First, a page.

When Brian Friedman steps into a room full of real estate types he is typically, at 33, one of the youngest developers to have set out on his own, particularly as he does not hail from one of Washington’s established real estate families, such as the Carrs or the Jemals.

“I’m not a generational guy, so I have to get past that,” Friedman said. “And I didn’t start out at one of the bigger, sort of institutional shops, so I have to get past that.”

And real estate isn’t Friedman’s first career. It’shis fourth.

Unlike most of Washington’s button-down real estate industry, Friedman arrived after trying his hand at a range of industries, collecting some wins, some losses and a boatload of lessons along the way. “I’m just not afraid to fail,” he said. “I’m just persistent, very persistent.”

As a teenager in Michigan, Friedman sold stereos, cell phones and electronics over the Internet. After moving to Washington in 1997 at age 18 to attend American University, he founded an online bazaar for pharmaceuticals. After the dot-com bust, he worked as a consultant for KPMG on Capitol Hill for four years.

Brian Friedman, the 33-year-old founder of Friedman Capital, is building a hotel in Adams Morgan. (Jeffrey MacMillan/For Capital Business)

During the evenings and weekends though, Friedman has long been buying and renovating houses in D.C., flipping them or renting them, mostly in the Adams Morgan neighborhood of Northwest D.C. He says he doubled his money on some of the deals, but as the housing bubble grew, it became clear that his business had become too popular. “It used to be that there would be an auction on the courthouse steps and the only person there would be me. Then, I would go and there would be 50 people there.” he said.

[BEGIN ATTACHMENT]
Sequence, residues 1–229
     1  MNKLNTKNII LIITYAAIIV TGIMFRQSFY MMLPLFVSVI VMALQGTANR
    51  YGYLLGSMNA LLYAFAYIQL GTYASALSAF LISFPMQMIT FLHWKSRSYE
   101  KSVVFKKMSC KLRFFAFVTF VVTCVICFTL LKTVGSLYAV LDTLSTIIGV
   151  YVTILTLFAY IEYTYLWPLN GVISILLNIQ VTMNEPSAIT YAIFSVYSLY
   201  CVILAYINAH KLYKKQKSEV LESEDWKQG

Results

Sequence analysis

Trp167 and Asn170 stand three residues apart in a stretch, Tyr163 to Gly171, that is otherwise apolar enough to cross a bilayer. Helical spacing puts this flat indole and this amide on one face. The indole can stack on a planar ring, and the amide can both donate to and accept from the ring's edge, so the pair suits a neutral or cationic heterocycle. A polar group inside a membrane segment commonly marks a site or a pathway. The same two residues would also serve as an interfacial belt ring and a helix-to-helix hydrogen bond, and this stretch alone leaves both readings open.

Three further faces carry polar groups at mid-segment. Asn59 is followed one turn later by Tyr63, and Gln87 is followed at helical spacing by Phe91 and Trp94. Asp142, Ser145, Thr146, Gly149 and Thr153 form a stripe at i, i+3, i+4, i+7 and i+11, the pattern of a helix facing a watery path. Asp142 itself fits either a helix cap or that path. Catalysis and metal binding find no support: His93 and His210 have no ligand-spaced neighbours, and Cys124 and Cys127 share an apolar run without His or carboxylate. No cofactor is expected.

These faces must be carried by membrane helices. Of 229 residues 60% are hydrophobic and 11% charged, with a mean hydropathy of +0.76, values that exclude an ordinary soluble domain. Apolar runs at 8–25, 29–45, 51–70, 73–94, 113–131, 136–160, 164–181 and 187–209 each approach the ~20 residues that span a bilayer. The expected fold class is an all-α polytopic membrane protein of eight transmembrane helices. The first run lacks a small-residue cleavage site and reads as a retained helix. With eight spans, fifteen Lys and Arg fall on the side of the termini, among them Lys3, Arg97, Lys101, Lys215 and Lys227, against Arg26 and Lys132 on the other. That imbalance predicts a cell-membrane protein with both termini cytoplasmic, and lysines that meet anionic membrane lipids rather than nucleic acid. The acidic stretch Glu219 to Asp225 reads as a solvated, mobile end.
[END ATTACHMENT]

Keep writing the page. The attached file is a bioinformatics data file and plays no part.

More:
Friedman was already thinking bigger anyhow. He had secured a partnership with a Michigan firm, Beztak Properties, and worked to acquire zoning approval for a plot of land in southern Florida in 2002. “I was basically a cheerleader who also wrote a very small check,” Friedman said of his contribution. He also made a larger realization — that he got a rush from pitching his vision to the community and coaxing others to get on board. “That’s when I really learned that I could do it,” he said.

Developing real estate in urban neighborhoods can be extremely thorny work, however, and Friedman already has his share of stories. He was part of a team that sought approval in 2007 for a condos-and-retail project west of Georgetown on MacArthur Boulevard, but he said that was rejected and swapped for a plan to build town houses. Last year, a partnership he formed purchased two properties on M Street in the heart of Georgetown, home to the restaurants Hook and Tackle Box, only for a fire to ravage the properties eight months later, closing the restaurants.

For his biggest project, Friedman figures he will need everything he learned from those experiences and more. In 2004 an Adams Morgan church, the First Church of Christ, Scientist, named Friedman and Beztak as its partners to redevelop its historic building at 1782 Columbia Road NW. Friedman’s plan to transform the church and property behind it into a Ian Schrager-designed Edition hotel from Marriott International has so angered some Adams Morgan residents that flyers in the neighborhood and a Web site depict him jumping for joy with bags of money.

The criticism has humbled him to the point where he would not publicly disclose his real estate holdings (“I don’t want to appear arrogant”), but he is otherwise undeterred. The D.C. Council issued the project a $46 million tax abatement and Friedman has offered space in the hotel project to Nigel Okunubi, director of the Adams Morgan Youth Leadership Academy, so that the development can provide 125 hotel jobs and career development guidance to neighborhood youth.

Friedman said he and his team has already spent “millions of dollars” on the project, but he said the partnership with Okunubi will mean opportunities for underserved youth, reduced crime and a project that he thinks Adams Morgan can celebrate. “I think the biggest mistake people make is that they don’t embrace the community,” he said. “And the community is going to make the project work.”